But stay with me.

Just when the Goliaths of brutality and despair threaten to overbear, we recall threads of hope. Like the story at Darkley on 20 November 1983. Deep in the rolling hills of South Armagh, a small Pentecostal congregation met to worship at their little wooden church. As they sang the opening hymn, Are you washed in the blood of the lamb?, gunmen arrived. When they left minutes later, 40 shots had been fired and three elders left dead.

They were killed for being Protestants.

The Catholic Bishop of Armagh visited one of the victims’ wives the day after the killing and he recalled how the first word on her lips was ‘forgiveness’. And with those three syllables, profoundly spoken from the reality of blood, violence and death, we see the beginnings of hope.

We recently remembered those killed by the IRA in the Enniskillen bombing. It was Remembrance Day 1987 and hundreds gathered to remember those fallen in war. A sudden and indiscriminate explosion killed 11 people. One of them was a nurse called Marie Wilson. Her father Gordon held her hand as she lay and died in the rubble, life robbed from her. That night he prayed for those who had murdered his daughter saying: “It’s part of a greater plan, and God is good. And we shall meet again.” The story of hope larger than life.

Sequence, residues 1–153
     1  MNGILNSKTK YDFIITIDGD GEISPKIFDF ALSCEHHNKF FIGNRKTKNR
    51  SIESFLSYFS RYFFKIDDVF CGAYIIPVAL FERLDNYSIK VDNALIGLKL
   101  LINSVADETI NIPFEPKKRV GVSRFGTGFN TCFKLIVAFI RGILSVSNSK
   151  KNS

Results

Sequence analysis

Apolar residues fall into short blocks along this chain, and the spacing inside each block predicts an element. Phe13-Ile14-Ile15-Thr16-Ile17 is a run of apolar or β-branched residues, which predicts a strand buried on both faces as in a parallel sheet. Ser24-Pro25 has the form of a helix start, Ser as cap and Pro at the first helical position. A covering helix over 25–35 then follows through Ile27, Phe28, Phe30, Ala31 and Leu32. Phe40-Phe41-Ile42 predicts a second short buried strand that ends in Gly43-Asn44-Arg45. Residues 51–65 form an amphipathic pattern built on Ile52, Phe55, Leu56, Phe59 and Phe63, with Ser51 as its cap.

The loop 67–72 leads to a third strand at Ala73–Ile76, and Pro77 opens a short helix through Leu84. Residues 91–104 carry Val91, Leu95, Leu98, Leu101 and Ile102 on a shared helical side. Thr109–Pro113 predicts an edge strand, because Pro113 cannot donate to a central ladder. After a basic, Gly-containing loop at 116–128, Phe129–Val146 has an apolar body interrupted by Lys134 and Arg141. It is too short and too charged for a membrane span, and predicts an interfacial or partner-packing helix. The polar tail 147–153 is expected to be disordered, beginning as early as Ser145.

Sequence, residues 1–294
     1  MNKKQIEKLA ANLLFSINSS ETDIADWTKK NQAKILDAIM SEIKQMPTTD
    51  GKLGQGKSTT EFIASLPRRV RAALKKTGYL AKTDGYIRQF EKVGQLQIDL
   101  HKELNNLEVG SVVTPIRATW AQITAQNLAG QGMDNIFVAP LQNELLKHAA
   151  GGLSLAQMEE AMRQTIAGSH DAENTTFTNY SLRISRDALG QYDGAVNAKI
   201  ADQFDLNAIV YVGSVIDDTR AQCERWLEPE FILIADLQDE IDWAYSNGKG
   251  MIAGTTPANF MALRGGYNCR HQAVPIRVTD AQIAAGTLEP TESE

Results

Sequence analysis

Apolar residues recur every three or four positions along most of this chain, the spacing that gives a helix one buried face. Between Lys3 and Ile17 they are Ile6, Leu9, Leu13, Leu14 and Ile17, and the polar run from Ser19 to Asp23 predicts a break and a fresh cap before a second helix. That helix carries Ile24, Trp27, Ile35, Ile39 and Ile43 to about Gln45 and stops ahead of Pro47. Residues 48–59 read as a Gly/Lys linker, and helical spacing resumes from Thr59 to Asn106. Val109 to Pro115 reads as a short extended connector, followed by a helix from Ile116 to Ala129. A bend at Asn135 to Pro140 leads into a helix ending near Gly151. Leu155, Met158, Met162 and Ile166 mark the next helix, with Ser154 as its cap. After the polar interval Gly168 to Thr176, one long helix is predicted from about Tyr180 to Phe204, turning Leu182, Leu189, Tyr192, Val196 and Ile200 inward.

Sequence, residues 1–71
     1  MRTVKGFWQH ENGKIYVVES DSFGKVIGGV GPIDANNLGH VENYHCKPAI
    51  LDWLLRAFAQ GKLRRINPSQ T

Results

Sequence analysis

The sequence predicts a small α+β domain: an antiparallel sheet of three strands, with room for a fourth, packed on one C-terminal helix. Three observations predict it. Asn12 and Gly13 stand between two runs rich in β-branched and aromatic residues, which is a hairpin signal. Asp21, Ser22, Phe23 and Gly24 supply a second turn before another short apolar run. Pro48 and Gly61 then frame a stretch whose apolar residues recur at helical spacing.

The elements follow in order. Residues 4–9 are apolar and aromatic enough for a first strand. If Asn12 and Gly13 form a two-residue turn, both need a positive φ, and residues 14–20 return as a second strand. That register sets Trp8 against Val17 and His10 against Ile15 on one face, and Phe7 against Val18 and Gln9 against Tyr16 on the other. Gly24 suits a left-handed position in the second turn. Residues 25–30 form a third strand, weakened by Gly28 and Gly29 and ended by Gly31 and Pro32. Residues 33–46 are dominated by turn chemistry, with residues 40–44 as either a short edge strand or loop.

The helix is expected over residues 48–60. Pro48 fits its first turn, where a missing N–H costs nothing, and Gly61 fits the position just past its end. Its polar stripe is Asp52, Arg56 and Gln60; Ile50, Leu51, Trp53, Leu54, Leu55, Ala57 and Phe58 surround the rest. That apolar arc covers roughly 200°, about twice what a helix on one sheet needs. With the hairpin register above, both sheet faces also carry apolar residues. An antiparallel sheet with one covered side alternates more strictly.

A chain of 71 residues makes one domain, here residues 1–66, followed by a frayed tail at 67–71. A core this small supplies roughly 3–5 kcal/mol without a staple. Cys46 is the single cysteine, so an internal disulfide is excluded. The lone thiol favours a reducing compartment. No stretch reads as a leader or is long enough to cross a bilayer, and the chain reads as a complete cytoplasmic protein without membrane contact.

The stories that emerged from Darkley and Enniskillen prophetically showed that the cycle of violence could be broken and that peace was possible. But there’s still a lot of nothing today where living, breathing and laughing people should be. This is difficult stuff, in fact in a place so tribalised, it would almost be easier if we could have a brand new identity. Or even be born again….

Jesus-followers are called to live within this tangle of faith, politics and culture. Bearers of hope in the middle of despair. Words like forgiveness, peace and reconciliation take on a new meaning, a true meaning with Christ at the centre. We are called to live out kingdom citizenship above our cultural, political or religious upbringing. First century Jews struggled with this just like 21st century Christians and it is not unique to Northern Ireland.